Yes, I have taken the wheels off before so that's not a problem. I've changed my own bike tires back in the '60s, '70s, and '80s so I'm no virgin, but (and some of you know this) I have a fubared back and changing my own tires now is a risk I'm not going to take.

The good news is I've found another independent shop about 40 miles away that may just be the ticket. I'll be going to the shop tomorrow morning to talk with the guy, and let him actually see the FJR. Hopefully there are no snafus and I can make an appointment and get this done.

Will update when I know more.
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#15 lonerider

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Posted 29 March 2012 - 02:15 PM

Been doing my own for years, Harbor Freight changer w/Mojo blocks and a Handy balancer, didn't find the PR2s to be any more difficult than all the other H,V, and Z rated tires I've done. Doing my own is the only way I can afford to keep 4 bikes on the road. I agree with the previous post about no balance marks on PR2s; the last 2 sets of Avons I bought didn't have balance marks either, and required more than the usual amount of weight. I wrote it off to another cost cutting measure. Just got a set of Metzler 880s for the old Madura; they came with balance marks. Unless you're lucky enough to have a good independent shop close to you, changing your own is the only way to go, IMHO, unless you enjoy getting raped.

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#16 Fred W

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Posted 29 March 2012 - 02:21 PM

Yeah, I'm not getting this Ii'm too old to change my own tires" thing. (sorry, but that is lame) <_<

If you are young enough to ride a rip snortin' 1300cc murdercycle, you're probably also young enuff to change a few tahrs. It ISN'T that hard. Just take your damn time and do it slow and easy... not fast.

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#17 DeweyIsgod

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Posted 29 March 2012 - 03:25 PM

motorcycle superstore has a "ship to installer" program. I'm sure any of those shops would also accept walk-ins. It also lists install prices. It might be worth checking to see if there's a shop nearby that you're missing.

http://www.motorcycl...-Installer.aspx

For the record, I'm a cycle hill owner and it's almost paid for itself after 5 changes.

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#18 old Pilot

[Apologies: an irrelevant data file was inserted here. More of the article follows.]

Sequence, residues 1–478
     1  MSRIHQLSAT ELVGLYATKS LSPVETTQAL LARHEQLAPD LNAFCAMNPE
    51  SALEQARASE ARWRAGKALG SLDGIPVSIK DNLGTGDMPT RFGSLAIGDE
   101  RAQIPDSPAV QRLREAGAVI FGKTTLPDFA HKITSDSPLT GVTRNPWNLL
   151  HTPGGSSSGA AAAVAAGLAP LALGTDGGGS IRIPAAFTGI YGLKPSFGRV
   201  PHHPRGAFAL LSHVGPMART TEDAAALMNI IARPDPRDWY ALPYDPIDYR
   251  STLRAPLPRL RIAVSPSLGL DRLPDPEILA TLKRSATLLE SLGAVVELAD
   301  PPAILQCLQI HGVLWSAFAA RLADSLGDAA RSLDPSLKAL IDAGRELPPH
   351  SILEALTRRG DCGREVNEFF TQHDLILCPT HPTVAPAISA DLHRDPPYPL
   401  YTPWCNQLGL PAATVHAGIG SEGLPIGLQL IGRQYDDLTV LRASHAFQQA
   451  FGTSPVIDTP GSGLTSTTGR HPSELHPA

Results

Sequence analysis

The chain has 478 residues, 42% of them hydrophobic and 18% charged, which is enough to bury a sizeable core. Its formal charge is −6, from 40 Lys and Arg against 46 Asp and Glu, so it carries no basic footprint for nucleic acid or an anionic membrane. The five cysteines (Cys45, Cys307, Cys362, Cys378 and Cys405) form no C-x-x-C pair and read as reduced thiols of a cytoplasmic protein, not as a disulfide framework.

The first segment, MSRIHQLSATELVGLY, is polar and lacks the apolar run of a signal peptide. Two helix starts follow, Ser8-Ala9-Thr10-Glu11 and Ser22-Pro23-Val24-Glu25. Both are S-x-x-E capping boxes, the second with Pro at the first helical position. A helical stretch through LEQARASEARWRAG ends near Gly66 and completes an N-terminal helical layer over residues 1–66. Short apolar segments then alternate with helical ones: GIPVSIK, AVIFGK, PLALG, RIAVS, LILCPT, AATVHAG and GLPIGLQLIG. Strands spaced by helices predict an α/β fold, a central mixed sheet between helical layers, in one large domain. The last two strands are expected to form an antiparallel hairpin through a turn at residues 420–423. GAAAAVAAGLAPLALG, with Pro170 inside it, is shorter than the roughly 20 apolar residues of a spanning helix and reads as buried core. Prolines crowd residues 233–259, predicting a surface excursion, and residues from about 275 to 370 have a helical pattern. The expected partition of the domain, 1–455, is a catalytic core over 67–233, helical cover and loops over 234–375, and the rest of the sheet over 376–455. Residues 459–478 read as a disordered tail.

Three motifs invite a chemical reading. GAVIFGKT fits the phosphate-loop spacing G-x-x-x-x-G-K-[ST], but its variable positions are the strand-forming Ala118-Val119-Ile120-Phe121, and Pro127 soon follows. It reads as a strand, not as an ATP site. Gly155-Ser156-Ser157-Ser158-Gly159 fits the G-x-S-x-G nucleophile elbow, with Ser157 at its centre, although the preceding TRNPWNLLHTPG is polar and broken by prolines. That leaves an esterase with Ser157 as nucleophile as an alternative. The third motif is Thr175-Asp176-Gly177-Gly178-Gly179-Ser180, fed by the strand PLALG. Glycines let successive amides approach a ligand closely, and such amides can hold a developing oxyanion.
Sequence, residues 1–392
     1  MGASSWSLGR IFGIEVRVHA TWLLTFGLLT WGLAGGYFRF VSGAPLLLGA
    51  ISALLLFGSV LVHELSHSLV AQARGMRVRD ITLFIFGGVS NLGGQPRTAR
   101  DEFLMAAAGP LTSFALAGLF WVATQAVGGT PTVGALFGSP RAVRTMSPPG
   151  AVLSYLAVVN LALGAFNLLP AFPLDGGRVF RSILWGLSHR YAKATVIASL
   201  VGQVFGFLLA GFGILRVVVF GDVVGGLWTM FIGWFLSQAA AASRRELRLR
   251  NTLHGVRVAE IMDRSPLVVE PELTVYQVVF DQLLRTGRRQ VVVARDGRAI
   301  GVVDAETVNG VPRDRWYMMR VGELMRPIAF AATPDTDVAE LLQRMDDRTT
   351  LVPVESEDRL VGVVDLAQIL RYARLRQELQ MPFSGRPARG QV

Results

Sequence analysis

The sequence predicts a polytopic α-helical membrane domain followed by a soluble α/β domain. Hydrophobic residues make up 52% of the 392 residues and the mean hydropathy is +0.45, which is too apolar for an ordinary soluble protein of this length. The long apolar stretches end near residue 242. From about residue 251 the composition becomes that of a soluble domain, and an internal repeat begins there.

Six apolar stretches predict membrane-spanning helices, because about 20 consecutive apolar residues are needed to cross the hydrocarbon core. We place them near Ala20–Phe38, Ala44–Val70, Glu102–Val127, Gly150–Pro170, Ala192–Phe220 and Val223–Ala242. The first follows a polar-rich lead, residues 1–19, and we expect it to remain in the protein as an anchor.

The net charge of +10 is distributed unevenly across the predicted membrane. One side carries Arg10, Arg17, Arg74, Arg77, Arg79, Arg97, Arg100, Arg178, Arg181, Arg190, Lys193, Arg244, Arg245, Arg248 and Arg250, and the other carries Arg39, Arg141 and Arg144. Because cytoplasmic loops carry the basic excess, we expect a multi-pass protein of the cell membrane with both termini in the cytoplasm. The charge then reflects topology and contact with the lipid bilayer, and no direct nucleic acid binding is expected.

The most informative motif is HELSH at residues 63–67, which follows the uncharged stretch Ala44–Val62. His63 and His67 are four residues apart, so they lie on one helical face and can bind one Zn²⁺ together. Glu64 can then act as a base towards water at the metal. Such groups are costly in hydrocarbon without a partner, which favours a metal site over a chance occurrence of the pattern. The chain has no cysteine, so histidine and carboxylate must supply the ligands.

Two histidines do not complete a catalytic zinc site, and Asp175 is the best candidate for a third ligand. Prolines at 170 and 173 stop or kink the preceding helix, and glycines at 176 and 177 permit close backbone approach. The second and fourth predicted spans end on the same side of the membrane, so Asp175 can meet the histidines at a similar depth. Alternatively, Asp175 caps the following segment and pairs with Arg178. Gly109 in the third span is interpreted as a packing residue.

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Posted 29 March 2012 - 05:43 PM

Yeah, I'm not getting this Ii'm too old to change my own tires" thing. (sorry, but that is lame) <_<

If you are young enough to ride a rip snortin' 1300cc murdercycle, you're probably also young enuff to change a few tahrs. It ISN'T that hard. Just take your damn time and do it slow and easy... not fast.


Dude. Be an ass if you like. Maybe when you have 3 blown discs, arthritis, and bone spurs, you might get a clue. FWIW, doc's orders are to lift no more than 40#. Hell, just reaching down to pick something off the floor can be an adventure. I'm trying to put off fusion for a few more years. A back attack will effectively render me 'lame' for weeks if not months.
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#19 old Pilot

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Posted 29 March 2012 - 05:46 PM

motorcycle superstore has a "ship to installer" program. I'm sure any of those shops would also accept walk-ins. It also lists install prices. It might be worth checking to see if there's a shop nearby that you're missing.

http://www.motorcycl...-Installer.aspx

For the record, I'm a cycle hill owner and it's almost paid for itself after 5 changes.


The independent shop that told me they could not mount low profile tires is a listed installer on MC Superstore's site. :angry2:
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#20 old Pilot

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Posted 29 March 2012 - 06:00 PM

This all well and good, but how does this help the OP with his current tire change?

So...OldPilot, do you have a CycleGear anywhere close? They mount tires if you take the wheels off the bike, usually for around $35 each. I woulda recommended a dealer, but sounds like the guys around you are tools. Maybe take it to another dealer and see if they'll do it.

Can you take your wheels off your own bike, or are you dependent on the dealer to do it for you? My first couple tire changes, I paid way too much because I didn't know how to take the wheels off. If you don't know how, go to FJRTech and look over the tire removal install instructions. I have those printed out and still keep them with my tools for reference and torque specs.

Good luck.


Thanks Zilla. There is not a CycleGear within 200 miles.